The current booming economy appears to have largely bypassed the U.S. oil patch, though that could change at any time. As a more than 40-year geologist in both the petroleum industry and academia, I have cycled through many such changes, some good and others not so good, depending upon whom you talk to.
One notable change I have seen is a growing reluctance of the younger collegiate generation to commit to the ups and downs of the petroleum industry in favor of careers that might not be as stressful, and even less lucrative, but more stable. While “back in the day” students were willing to sacrifice their own money and time for an education that promised a rewarding career, students today – particularly at the graduate student level – demand financial support when selecting a university, often irrespective of the quality of education they will receive. During this time of dwindling resources for education by the government, academia and industry, where are the funds to come from to support quality graduate students? With dwindling funding, so go the best and brightest students.
A significant, traditional source of funding has been through industry-sponsored consortia – groups of companies, that fund academic research. Back in the 1970s, consortia typically sponsored broad, basic topics not necessarily related to the petroleum industry. But as funds began to dry up and thriving intra-company research facilities altered strategies toward “tech service,” consortia turned more toward sponsoring targeted applied research projects, which tied into the company’s specific activities and goals.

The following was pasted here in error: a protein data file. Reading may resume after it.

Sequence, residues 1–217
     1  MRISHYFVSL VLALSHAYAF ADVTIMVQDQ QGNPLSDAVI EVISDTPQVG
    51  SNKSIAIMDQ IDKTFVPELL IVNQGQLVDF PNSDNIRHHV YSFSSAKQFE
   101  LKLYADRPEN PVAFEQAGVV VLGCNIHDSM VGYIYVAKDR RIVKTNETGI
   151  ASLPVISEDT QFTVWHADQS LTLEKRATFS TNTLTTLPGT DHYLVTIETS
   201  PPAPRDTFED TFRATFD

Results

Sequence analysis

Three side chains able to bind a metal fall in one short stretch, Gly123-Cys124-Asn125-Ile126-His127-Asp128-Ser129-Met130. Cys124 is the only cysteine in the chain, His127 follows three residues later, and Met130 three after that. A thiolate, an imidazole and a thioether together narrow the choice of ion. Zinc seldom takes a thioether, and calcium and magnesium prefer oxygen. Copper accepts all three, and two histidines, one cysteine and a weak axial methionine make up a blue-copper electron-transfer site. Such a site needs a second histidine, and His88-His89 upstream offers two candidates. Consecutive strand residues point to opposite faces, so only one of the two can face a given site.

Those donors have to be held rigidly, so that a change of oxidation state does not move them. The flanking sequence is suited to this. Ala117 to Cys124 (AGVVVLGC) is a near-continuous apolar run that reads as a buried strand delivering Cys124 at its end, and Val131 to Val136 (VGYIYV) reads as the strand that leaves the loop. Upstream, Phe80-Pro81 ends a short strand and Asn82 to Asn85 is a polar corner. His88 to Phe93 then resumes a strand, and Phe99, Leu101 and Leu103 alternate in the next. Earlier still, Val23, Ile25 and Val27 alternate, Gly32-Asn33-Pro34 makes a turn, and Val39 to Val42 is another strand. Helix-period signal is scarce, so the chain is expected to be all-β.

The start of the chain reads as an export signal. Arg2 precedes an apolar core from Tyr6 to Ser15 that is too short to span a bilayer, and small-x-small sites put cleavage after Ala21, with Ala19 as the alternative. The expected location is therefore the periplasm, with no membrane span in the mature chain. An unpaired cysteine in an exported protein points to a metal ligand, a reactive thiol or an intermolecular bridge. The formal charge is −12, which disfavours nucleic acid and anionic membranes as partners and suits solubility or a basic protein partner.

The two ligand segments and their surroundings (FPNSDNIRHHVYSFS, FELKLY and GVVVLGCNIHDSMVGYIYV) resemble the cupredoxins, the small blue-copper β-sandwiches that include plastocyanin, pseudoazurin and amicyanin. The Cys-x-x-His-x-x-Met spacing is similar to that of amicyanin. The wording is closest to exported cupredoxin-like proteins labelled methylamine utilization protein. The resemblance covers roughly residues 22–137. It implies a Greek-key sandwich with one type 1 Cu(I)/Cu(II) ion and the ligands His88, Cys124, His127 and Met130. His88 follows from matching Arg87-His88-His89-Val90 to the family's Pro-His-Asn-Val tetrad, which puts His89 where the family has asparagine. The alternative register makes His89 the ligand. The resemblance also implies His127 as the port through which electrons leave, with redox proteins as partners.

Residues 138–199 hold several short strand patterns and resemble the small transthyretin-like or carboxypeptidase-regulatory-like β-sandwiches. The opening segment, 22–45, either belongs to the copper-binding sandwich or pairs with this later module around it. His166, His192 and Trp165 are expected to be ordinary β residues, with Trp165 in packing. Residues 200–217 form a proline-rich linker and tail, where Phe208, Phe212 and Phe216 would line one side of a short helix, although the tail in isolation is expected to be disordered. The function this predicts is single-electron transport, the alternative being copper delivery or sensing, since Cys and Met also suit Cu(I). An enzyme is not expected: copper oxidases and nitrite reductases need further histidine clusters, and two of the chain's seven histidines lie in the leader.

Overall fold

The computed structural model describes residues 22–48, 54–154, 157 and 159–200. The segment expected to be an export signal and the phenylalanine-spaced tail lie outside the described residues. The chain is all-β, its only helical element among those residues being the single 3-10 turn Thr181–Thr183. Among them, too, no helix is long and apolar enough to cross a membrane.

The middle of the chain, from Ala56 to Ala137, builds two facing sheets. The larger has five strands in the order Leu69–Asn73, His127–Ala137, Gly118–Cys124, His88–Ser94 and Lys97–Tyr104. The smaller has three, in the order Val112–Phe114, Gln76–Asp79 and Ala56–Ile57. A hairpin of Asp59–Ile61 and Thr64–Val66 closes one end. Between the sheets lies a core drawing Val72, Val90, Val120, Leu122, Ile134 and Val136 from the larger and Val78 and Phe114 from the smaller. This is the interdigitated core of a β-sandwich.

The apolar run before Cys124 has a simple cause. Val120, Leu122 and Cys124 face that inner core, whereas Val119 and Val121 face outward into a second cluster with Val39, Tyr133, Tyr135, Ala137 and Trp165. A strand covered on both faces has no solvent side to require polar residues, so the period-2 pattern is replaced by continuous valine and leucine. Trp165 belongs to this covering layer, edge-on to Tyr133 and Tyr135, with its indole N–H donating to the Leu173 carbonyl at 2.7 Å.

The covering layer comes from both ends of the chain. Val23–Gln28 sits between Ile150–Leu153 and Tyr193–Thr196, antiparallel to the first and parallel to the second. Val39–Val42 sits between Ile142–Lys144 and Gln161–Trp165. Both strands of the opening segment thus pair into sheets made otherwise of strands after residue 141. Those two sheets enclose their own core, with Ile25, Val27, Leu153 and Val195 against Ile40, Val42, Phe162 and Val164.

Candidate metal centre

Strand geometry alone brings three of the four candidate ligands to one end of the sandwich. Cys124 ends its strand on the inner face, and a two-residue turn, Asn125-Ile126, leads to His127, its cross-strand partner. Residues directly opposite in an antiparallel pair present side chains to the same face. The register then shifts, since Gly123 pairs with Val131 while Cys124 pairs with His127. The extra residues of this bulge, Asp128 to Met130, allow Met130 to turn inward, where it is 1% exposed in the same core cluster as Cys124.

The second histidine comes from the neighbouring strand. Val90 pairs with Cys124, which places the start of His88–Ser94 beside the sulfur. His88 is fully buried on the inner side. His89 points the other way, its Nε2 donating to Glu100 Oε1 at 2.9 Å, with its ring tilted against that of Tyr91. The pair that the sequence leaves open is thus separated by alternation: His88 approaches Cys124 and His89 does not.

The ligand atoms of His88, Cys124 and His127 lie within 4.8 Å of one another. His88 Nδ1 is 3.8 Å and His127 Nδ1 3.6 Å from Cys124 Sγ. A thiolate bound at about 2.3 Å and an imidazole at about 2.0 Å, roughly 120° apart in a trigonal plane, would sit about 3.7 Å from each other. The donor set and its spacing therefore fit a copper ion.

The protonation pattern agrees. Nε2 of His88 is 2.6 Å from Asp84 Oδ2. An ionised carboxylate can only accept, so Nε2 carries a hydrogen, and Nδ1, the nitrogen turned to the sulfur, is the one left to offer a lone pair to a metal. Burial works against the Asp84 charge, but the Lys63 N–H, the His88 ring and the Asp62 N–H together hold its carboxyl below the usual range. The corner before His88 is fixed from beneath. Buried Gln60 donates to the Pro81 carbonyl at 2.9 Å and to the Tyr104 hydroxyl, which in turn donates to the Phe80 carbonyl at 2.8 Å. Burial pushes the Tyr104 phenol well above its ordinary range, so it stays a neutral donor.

Based on my own observations and experience over my four-decade career in both academia and the petroleum industry, the consortium concept works well as a funding and research source. Consortia have mainly fueled me and my more than 100 graduate students’ applied research during this time span and as well illustrate the progression of the consortium concept and applications.
Over my career I have organized and operated four consortia, each with its own approach and goals. In the late 1970s and early 1980s, research labs within companies were thriving, yet funds were budgeted for both general and targeted research themes – in short, times were good.
Atlantic Shelf Sands Project
In 1978 I entered the petroleum industry through a major exploration company, but in 1980, I relocated to a mid-size company as a research supervisor. Part of my new job was to co-chair an ongoing consortium named the Atlantic Shelf Sands project, focused on understanding productive linear sand ridges found in the Cretaceous Interior Seaway and elsewhere. This consortium was funded by several petroleum companies and both industry and academic scientists actively participated. We would meet periodically to discuss study results and plan for shared research. Proprietary issues were not well established at that time, which worked out in favor of results shared among the participants.
Two major conclusions emerged from this project: (1) study of modern sedimentary environments to resolve questions concerning subsurface reservoirs was possible and (2) the ‘shelf sands’ – thought prior to the consortium research to be piles of sand deposited and reworked in continental shelf waters – were actually submerged (transgressed), attached- or unattached-shoreface deposits. These results and applications have since been documented in at least one book and numerous publications.